If you’ve been following the roster moves and decisions lately, you probably saw that the Royals decided on newly-acquired Vin Mazzaro for the fifth spot in the rotation, pushing Sean O’Sullivan to the bullpen. Of course, the schedule at the outset doesn’t require a fifth starter until April 16, the 13th game of the season. Until then, Mazzaro will hang around in extended Spring Training.
I admittedly don’t know too much about Mazzaro. I just watched his last start of the 2010 season against the Angels, in which he racked up this uninspiring line:
Mazzaro, Vin: 4.1 IP, 6 H, 5 ER, 5 R, 3 BB, 0 K, 2 HR
So, maybe that wasn’t the best game to watch to understand Mazzaro. Really, though, maybe it was a good one to see.
This all came around as I was wondering what we could expect from Mazzaro in the fifth slot. You might expect this, but the answer is this: not much.
Since I was able to watch this game, I’m going to look at Mazzaro’s ability through the lens of how he performed in that September 5th start.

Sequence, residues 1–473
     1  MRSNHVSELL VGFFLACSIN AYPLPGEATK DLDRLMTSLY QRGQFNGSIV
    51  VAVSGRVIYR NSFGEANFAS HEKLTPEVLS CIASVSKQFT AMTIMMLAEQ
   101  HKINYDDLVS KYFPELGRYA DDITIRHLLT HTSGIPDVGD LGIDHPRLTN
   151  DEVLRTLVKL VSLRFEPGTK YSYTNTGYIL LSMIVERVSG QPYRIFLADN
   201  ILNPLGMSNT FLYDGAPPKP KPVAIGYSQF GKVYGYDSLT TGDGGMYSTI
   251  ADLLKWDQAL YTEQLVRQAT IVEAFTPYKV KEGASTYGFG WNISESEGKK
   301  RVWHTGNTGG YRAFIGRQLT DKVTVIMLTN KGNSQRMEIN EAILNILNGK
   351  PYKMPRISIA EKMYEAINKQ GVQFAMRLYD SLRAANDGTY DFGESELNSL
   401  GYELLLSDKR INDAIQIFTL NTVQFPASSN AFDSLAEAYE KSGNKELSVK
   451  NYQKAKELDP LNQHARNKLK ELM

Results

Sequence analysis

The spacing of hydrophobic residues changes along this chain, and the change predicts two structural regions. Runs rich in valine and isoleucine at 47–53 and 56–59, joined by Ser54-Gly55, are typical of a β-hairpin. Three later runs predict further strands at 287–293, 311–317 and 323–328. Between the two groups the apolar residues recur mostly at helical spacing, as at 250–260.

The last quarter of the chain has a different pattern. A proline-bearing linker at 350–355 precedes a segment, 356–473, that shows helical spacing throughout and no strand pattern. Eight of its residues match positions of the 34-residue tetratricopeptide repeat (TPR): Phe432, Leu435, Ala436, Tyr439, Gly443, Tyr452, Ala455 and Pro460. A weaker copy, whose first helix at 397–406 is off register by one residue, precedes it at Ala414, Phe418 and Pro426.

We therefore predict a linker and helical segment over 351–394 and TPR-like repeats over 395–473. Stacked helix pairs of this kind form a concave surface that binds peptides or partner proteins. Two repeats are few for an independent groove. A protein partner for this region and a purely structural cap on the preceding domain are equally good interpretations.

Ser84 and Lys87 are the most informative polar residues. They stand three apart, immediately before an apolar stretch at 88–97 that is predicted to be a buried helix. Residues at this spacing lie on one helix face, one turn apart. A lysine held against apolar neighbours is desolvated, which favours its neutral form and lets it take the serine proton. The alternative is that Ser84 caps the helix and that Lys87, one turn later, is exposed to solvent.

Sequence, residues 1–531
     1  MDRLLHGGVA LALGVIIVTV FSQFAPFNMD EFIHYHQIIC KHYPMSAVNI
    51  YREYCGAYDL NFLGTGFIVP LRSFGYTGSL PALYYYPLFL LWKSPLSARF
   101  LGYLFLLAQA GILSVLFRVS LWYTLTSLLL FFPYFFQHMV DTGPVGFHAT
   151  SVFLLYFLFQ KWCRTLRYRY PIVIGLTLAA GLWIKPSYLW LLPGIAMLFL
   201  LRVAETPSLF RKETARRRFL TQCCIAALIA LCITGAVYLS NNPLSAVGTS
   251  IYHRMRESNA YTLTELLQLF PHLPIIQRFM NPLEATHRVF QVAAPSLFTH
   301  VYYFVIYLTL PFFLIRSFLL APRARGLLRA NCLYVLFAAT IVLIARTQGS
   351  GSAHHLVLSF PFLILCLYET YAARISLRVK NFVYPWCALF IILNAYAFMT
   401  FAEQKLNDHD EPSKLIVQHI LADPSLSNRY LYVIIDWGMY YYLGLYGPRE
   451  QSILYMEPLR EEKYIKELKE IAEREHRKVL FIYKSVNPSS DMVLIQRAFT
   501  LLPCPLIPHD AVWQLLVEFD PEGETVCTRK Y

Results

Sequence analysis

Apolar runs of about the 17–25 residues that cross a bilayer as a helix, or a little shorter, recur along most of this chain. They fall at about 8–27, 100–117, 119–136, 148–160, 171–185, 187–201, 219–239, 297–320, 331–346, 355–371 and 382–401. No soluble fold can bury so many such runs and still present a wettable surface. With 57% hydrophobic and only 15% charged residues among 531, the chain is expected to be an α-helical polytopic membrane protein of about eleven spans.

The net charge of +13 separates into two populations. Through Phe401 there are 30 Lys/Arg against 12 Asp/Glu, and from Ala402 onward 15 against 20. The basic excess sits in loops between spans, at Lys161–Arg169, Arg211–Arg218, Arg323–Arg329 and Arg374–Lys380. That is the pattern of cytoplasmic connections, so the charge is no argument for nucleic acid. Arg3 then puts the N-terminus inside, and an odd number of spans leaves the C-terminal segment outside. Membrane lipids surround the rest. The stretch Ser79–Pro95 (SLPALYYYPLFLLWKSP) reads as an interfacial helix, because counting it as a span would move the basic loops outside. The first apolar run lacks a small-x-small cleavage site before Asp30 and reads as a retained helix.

Mazzaro started off strong, getting leadoff hitter Alberto Callaspo (hey, I know that guy!) to fly out. The next two batters went down smoothly, with Howie Kendrick grounding out and Bobby Abreu popping out to the catcher in foul territory. On the surface, that’s a pretty good inning. Mazzaro’s 12 pitches kept control of the situation and were in good enough spots to keep the Angels from getting solid knocks. Although Callaspo flew out to deep left-center, it was an easy out.
This is what you hope for from Mazzaro. It’s the positive outcome in the way that Davies has a positive outing now and then. While he doesn’t strike out many batters (5.8/9 IP in both 2009 and 2010), his groundball:flyball ratio improved from 2009 to 2010*, which likely helped his BABIP to drop below league average (.281 in 2010). If he can induce grounders and pop flies, Mazzaro gives you something that other teams’ pitching staffs aim for: pitching to contact. And with a Royals defense that’s very likely to be improved from 2010, that could be a good thing.